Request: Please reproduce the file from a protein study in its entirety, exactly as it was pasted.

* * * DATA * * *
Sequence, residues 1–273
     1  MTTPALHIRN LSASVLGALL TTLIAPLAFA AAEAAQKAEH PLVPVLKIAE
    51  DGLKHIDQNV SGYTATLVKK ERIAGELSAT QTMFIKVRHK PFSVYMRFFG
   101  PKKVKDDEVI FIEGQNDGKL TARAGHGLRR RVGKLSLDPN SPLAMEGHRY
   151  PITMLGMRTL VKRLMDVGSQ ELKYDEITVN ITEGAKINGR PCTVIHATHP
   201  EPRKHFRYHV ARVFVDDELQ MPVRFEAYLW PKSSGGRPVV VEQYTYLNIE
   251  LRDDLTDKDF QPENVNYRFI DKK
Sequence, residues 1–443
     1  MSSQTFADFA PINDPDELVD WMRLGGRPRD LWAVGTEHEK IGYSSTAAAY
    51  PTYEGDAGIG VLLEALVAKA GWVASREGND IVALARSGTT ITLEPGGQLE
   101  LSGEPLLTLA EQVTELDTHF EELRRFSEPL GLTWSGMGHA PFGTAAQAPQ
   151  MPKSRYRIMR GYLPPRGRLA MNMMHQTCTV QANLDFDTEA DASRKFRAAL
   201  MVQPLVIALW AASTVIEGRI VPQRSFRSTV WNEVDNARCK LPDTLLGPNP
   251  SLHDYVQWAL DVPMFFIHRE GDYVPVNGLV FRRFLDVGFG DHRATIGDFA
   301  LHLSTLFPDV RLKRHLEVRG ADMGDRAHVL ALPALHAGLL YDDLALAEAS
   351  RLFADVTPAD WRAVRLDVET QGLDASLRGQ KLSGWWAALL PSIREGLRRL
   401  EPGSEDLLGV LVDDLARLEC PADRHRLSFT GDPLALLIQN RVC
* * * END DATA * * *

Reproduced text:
Sequence, residues 1–273
     1  MTTPALHIRN LSASVLGALL TTLIAPLAFA AAEAAQKAEH PLVPVLKIAE
    51  DGLKHIDQNV SGYTATLVKK ERIAGELSAT QTMFIKVRHK PFSVYMRFFG
   101  PKKVKDDEVI FIEGQNDGKL TARAGHGLRR RVGKLSLDPN SPLAMEGHRY
   151  PITMLGMRTL VKRLMDVGSQ ELKYDEITVN ITEGAKINGR PCTVIHATHP
   201  EPRKHFRYHV ARVFVDDELQ MPVRFEAYLW PKSSGGRPVV VEQYTYLNIE
   251  LRDDLTDKDF QPENVNYRFI DKK
Sequence, residues 1–443
     1  MSSQTFADFA PINDPDELVD WMRLGGRPRD LWAVGTEHEK IGYSSTAAAY
    51  PTYEGDAGIG VLLEALVAKA GWVASREGND IVALARSGTT ITLEPGGQLE
   101  LSGEPLLTLA EQVTELDTHF EELRRFSEPL GLTWSGMGHA PFGTAAQAPQ
   151  MPKSRYRIMR GYLPPRGRLA MNMMHQTCTV QANLDFDTEA DASRKFRAAL
   201  MVQPLVIALW AASTVIEGRI VPQRSFRSTV WNEVDNARCK LPDTLLGPNP
   251  SLHDYVQWAL DVPMFFIHRE GDYVPVNGLV FRRFLDVGFG DHRATIGDFA
   301  LHLSTLFPDV RLKRHLEVRG ADMGDRAHVL ALPALHAGLL YDDLALAEAS
   351  RLFADVTPAD WRAVRLDVET QGLDASLRGQ KLSGWWAALL PSIREGLRRL
   401  EPGSEDLLGV LVDDLARLEC PADRHRLSFT GDPLALLIQN RVC